Time had passed since Abigail heard the voices so maybe the coast was clear.
They had been muffled at first until the footsteps got closer, and then she could clearly hear the familiar, distinct southern drawl. Two men conversing, unaware of her presence as she lay silent and motionless in the undergrowth, not daring to breathe. She recognized the plantation foreman, Ned, immediately.
“As I said Caleb it ain’t gonna make an ounce of diff’rence. You can lock ‘em up at nightfall but if they want it bad enough, they’ll as sure as hell try and make a run for it”
“So if all do their duty, they need not fear harm?” Responded the younger man.
“Exactly” said Ned, “They just need direction” his voice trailing off as they moved away.
Abigail shuddered, remembering the whipping she had received the last time she escaped.
Her early morning beach walk cleared the lingering fog in her head. Remnants of heady passion from the night before were hard to shake off.
Surprised to see him when she had opened her eyes. Sunlight shining on his bronzed body. She’d half expected him to have left without a word. She panicked slightly, and pulled on her shirt slipping silently out the door.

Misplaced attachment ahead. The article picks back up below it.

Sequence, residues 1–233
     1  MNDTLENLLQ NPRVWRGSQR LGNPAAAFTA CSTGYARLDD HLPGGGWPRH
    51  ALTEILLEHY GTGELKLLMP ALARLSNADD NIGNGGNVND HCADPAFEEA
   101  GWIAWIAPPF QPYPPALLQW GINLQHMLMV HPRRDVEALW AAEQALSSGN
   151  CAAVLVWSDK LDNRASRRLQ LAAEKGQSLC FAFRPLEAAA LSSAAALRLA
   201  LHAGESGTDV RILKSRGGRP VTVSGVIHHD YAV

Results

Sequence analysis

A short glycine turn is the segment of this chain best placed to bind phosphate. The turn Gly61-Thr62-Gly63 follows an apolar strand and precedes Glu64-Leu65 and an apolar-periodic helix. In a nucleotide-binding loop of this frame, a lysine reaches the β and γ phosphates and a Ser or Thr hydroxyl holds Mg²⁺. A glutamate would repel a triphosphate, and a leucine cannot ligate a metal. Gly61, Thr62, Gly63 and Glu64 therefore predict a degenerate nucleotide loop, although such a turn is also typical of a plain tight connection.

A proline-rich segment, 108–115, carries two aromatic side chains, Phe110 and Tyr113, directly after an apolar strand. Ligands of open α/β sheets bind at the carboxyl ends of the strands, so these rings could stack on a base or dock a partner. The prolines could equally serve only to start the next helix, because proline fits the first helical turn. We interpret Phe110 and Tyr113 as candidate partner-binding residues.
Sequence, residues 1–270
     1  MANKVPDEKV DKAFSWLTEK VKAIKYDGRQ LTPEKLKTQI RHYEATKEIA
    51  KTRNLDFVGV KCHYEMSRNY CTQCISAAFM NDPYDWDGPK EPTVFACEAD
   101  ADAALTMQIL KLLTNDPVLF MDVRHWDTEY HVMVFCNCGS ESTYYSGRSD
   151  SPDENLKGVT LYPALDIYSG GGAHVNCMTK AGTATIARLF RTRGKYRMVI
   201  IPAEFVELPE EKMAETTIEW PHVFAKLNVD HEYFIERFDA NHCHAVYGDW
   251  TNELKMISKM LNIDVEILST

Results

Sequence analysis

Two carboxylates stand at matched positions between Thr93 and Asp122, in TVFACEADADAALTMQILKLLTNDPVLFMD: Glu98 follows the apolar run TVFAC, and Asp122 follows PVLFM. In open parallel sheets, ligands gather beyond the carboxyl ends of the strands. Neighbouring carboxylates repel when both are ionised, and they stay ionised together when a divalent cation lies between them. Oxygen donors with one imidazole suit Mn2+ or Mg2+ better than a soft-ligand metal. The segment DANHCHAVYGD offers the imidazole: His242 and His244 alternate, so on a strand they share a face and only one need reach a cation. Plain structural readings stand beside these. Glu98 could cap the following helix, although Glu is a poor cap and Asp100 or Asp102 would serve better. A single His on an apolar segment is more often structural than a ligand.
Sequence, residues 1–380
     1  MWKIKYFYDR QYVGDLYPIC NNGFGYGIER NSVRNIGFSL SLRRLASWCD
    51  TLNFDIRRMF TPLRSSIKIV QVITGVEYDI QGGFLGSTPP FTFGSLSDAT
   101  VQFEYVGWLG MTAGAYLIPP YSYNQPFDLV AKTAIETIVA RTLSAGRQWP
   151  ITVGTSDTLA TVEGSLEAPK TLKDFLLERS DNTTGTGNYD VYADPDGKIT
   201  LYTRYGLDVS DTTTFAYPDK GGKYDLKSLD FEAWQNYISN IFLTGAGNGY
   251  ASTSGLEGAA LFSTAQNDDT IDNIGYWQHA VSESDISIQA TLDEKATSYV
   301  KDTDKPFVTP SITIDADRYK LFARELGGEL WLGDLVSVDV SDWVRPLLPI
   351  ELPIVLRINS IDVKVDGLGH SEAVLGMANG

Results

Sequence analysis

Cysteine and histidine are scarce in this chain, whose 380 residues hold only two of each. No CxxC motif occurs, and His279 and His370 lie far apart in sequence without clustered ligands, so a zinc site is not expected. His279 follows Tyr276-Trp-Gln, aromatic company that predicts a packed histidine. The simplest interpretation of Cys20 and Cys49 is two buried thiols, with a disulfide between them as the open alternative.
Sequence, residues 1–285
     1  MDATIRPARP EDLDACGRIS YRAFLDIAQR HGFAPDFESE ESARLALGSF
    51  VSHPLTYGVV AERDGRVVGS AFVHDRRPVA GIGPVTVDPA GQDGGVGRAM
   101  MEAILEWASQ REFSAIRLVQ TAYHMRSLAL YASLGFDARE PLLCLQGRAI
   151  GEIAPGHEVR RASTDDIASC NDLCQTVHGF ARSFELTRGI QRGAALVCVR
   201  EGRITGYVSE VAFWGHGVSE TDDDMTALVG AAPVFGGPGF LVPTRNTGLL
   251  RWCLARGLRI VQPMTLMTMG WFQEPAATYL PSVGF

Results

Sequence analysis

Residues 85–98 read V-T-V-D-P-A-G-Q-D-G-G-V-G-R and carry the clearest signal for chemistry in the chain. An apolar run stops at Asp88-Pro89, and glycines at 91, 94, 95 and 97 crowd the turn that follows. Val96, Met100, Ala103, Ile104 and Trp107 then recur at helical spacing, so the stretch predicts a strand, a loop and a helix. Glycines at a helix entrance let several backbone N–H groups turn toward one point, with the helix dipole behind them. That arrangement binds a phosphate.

She sat studying the clouds.
“There you are” she heard a voice say
She turned. He was walking along the damp sand towards her.
“Why did you leave?” he asked. His voice slightly accented.
“Just looking for familiar objects in these clouds.” she answered without thinking.
“But these clouds are clearly foreign, such an exotic clutter against the blue cloth of the sky”, he said.
“Clouds speak in the universal language”, her voice a little husky. “Don’t you know that?”
Meal is hosting D’Verse Poets Prosery Monday and has prompted us with writing a piece of Flash Fiction of no kore than 144 words, excluding the title, using the line “Crucial to finding the way is this: there is no beginning or end” taken from Jo Harjo’s “A Map to the Next World.”